The Sun on the Water by Nineveh_uk
Fandom: Sunshine - Robin McKinley
Rating: G, CNTW
Characters: Rae "Sunshine" Seddon, Constantine (Seddon)
Rae takes a trip back to the lake.
I bought Sunshine* years ago in Cambridge at one of the late lamented Galloway & Porter's big sales, read it then, and think I probably haven't for a decade. It felt like a good choice to take on holiday and I'm glad I did. It works for me because although it's a vampire novel it isn't really a horror novel, and vampire fan as I am, I am a wimp when it comes to horror of the gory sort. I'm much more into fear than horror, and it does fear very well.
The story concerns an early twenties-ish cafe baker who goes out to a local lake to get away from it all for an hour or so and finds herself kidnapped by vampires (how different from the home life of our own dear Ramblers Association), imprisoned in an abandoned house, and destined to be a vampire's dinner. Only the vampire is not so keen to go along with this particular script.
There isn't a vampire novel that doesn't have some vampire cliché, but in general I find this one pretty fresh. You can tell that this was originally written for adults rather than as YA, because the eponymous Sunshine is very much positioned as a young woman, social category full-blown adult rather than teenager. She's got a job, a flat, friends, is pretty content with her life these days, and it isn't a novel about being swept away from the mundane, but hanging on to it when disruption comes. The vampires are very effectively inhuman. They're creepy and inhuman and horribly compelling, and people perceive them as glamorous and mysterious (and then they die). I've read review comments about people being frustrated that it doesn't delve deeper into the worldbuilding, but the amount that is there is perfect for me. I don't want a Compleat World of Vampires and Eldritch Foes with Bonus Political Oeconomie detail. I want enough background for the story, and that is what it does. It does require a certain tolerance of ambiguity: I like that we don't know everything about the world, that the story has a very narrow focus and that although the central narrative has a satisfactory ending, the heroine doesn't solve all her personal mysteries, let alone how the vampire foe is going to be defeated long-term, but that it ends with a sense of future that is a life-like future, that the future will continue to unwind, but you can't know what it is. But I can see that the unanswered questions could reasonably be frustrating for some readers. I'm also a big fan of the casually lyrical narrative style. I think the final action sequence isn't as strong as it might be, and in fact is probably weakened by not taking the horror approach: it needs a bit more ludicrous vampire grandstanding, but that's a minor quibble.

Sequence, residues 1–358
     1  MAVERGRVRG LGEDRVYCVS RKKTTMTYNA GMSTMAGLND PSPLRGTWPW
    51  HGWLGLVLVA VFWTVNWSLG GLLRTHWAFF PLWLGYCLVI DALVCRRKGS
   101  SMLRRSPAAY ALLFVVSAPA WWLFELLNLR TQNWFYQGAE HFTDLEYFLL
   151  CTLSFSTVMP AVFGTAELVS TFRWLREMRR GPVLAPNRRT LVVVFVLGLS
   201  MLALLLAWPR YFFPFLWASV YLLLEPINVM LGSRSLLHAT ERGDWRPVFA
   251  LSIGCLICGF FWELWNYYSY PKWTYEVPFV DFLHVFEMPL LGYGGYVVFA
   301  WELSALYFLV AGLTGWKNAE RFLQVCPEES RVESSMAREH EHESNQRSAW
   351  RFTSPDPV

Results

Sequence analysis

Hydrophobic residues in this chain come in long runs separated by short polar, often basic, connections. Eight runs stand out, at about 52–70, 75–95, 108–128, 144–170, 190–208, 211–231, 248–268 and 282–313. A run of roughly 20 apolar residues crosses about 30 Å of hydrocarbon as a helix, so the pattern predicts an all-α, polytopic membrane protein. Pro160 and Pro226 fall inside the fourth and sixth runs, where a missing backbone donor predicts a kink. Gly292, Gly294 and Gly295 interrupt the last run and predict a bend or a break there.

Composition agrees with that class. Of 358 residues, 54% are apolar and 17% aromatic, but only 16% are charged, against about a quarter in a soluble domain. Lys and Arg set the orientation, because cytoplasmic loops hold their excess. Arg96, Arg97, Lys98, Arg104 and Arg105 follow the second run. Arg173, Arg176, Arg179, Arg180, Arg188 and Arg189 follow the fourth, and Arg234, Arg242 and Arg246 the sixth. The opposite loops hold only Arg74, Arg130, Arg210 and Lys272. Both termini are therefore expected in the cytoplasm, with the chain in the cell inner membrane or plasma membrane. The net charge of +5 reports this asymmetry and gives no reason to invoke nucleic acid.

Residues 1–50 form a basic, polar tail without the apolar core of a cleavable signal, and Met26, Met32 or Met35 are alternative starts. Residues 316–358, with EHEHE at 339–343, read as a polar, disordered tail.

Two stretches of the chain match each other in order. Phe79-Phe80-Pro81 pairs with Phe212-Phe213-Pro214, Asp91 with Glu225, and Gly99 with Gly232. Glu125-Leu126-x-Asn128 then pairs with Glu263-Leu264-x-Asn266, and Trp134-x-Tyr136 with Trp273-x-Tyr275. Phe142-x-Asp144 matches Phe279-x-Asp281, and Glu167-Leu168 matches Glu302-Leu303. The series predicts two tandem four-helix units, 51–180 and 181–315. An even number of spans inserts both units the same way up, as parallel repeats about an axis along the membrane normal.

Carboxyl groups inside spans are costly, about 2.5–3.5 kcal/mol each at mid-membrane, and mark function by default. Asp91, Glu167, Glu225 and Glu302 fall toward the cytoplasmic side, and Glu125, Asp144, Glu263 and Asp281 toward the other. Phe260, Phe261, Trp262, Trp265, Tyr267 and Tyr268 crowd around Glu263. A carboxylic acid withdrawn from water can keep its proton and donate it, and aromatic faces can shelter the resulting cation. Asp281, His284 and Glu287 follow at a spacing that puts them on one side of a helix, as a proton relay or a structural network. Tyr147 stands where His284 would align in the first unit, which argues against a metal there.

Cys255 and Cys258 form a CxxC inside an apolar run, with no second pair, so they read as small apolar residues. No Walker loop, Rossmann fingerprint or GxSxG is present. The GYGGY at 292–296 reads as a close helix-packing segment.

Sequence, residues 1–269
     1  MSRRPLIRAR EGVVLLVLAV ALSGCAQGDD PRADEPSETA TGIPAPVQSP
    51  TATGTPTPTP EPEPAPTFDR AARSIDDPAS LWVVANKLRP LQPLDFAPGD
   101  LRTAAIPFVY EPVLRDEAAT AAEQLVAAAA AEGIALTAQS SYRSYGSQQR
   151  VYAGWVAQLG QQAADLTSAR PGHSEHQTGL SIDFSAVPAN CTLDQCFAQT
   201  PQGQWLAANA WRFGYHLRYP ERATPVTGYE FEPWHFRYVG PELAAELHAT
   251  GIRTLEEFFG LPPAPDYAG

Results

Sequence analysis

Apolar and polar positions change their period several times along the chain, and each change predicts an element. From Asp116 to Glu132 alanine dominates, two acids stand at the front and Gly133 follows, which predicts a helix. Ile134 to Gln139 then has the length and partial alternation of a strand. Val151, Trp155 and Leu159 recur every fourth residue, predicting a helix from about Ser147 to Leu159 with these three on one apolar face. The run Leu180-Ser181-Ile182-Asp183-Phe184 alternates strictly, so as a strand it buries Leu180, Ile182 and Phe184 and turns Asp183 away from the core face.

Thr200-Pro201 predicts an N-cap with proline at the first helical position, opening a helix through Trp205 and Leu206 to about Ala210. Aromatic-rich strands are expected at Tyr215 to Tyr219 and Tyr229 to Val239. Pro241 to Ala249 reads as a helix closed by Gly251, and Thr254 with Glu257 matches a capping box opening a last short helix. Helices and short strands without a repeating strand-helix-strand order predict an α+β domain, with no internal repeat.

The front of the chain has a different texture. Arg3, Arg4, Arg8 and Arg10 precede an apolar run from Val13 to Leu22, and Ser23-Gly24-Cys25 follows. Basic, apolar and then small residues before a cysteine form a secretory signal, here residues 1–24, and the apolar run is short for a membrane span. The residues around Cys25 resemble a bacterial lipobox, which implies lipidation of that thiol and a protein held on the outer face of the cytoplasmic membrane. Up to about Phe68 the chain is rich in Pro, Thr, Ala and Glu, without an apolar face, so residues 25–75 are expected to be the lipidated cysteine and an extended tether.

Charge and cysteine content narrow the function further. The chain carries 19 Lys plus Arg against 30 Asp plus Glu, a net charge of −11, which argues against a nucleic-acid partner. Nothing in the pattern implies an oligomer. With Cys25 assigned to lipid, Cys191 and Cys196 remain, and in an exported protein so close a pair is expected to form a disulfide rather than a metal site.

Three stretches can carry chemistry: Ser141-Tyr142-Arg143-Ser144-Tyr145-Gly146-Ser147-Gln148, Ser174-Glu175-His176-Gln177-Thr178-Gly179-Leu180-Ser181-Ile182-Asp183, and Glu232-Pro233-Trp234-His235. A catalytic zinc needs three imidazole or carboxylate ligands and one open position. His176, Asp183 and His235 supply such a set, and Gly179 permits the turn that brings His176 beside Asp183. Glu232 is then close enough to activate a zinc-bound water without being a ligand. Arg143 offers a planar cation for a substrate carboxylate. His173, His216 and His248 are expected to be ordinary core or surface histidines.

*That cover is absolutely terrible. It's simultaneously a scene from the book and conveys absolutely the wrong idea of the book. Mine was this cover and I'm pretty sure that I picked it out of the pile because of that. Much creepier, but also, being the romance of the clapboard house, much creepier. I think the current cover also does the book a disservice in another way in that I realised while reading it that there is almost no physical description of most of the human characters, including the heroine, and all of them could be of any ethnicity, which feels like it works well in a vampire book where the ostensible sides are humans or Others and we don't even know the name of the heroine's country (OK, it's obviously the US, but in this AU world we don't know that it is called the US. Manchester does exist, however. It has a vampire problem.)
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